bees buzzing and this light ... Then I cry a bit, but it’s not bad. It’s liberating
and very, very happy.
Our material thus indicates that the forest is not only ripe with the small
transcendences its sheer size and its perceived references to the past
indicate, but that it also resonates in a powerful way with the processes
that shape social and cultural identity and is hence connected to the
level of intermediate transcendences. Finally, when it spills over onto
the level of great transcendences it is felt to induce a border-crossing
feeling of unity and joy beyond the everyday. The interlocutors’ com-
parisons with churches and frequent mentions of the forest as a place
for connectedness attests to this, whether a connection is established
to “the Creator,” “the tree of life,” or as just an unarticulated “other,” be
it “secular” or “religious.”
Sweden: The Nature of a Special Connection
Much of what the Estonian interlocutors say is also true for the Swedes
whom we interviewed. For them too, the forest is a place where all
the demands and responsibilities of everyday life are left behind. It is a
place where the ego is felt to become irrelevant in a way that conjures
up a feeling of deep rest and relief. Just like in Denmark and Esto-
nia, nature is consistently described as invoking a sense of connection
with something greater than oneself. Most of our Swedish interviews
took place in the recreational forests that can be found on the out-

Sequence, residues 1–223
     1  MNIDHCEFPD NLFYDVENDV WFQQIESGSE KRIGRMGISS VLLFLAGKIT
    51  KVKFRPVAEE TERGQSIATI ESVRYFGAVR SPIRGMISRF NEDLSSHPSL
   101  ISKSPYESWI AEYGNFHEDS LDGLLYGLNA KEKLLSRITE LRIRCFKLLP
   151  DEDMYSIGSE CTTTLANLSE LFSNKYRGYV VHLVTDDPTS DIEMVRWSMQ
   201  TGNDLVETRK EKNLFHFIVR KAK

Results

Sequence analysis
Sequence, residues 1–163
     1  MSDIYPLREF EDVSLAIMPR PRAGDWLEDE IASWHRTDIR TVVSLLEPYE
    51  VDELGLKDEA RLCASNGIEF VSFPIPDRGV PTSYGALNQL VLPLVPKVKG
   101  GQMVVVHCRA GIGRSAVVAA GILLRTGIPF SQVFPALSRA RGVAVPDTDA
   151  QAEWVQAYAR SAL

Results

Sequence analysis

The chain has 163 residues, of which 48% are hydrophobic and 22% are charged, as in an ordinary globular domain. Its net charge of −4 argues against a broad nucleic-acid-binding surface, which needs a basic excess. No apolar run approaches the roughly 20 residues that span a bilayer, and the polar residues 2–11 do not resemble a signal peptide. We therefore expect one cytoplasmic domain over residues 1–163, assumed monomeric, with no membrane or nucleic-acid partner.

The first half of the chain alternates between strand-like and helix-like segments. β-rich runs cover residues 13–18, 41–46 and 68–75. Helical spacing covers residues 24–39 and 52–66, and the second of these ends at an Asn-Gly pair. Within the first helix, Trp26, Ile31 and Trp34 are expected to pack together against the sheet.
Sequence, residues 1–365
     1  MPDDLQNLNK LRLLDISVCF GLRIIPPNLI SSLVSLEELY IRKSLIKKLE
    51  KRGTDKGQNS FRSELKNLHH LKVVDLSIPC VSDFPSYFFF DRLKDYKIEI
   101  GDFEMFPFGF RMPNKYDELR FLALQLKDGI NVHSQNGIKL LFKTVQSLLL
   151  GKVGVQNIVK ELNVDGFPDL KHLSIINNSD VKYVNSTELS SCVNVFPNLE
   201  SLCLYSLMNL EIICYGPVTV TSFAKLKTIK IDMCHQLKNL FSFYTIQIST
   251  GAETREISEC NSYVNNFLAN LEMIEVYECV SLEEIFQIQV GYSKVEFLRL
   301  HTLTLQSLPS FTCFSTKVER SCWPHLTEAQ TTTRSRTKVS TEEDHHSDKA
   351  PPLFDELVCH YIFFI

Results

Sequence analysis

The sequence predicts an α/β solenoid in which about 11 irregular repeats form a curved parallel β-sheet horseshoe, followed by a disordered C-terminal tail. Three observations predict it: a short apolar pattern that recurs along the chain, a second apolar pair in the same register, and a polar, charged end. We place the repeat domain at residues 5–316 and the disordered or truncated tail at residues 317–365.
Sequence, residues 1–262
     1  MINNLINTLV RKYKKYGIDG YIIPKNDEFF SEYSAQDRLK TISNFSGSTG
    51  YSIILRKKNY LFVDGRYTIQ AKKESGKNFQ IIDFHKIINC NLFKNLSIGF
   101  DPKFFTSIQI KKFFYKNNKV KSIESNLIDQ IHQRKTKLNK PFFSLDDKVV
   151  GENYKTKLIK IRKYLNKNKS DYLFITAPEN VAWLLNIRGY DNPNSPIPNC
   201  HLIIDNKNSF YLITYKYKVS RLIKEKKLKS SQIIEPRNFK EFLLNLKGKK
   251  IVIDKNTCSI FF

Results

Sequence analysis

skirts of Stockholm. These forests have been made reachable and more
usable with clearly marked hiking routes, parking lots, and wheelchair-
accessible trails. The Swedish Right of Public Access—which makes
hiking and camping legal even in privately owned forests—has ensured
that a large number of people can visit them on a regular basis. This
occurs mostly on weekends. According to statistics collected by the
Swedish Environmental Protection Agency, women, older people, indi-
viduals without children, and ethnic Swedes are those who most often
visit the forest (Fredman and Hedblom 2014: 27). Our interlocutors t
this categorization well. We approached many of them while they were
walking their dogs or were having a cup of coffee by themselves in the
cafés that are commonly found near the trails. Many of our interlocutors
seem to have the feeling of being connected to something bigger, which
is often difcult for secular Swedes—who are reluctant to use religious
terminology—to articulate.
Margareta is retired after having had a long career as a newspaper
correspondent and political advisor. Since retiring, walks in nature have
become an important part of her life, and she sometimes organizes such
excursions for groups. She feels a need for contemplation and existential
reection, and she wants her walks to be something more than just
physical recreation. Although she denes herself as non religious, she
uses religious or semireligious terms when trying to put the experiences
she has of walking in nature into words: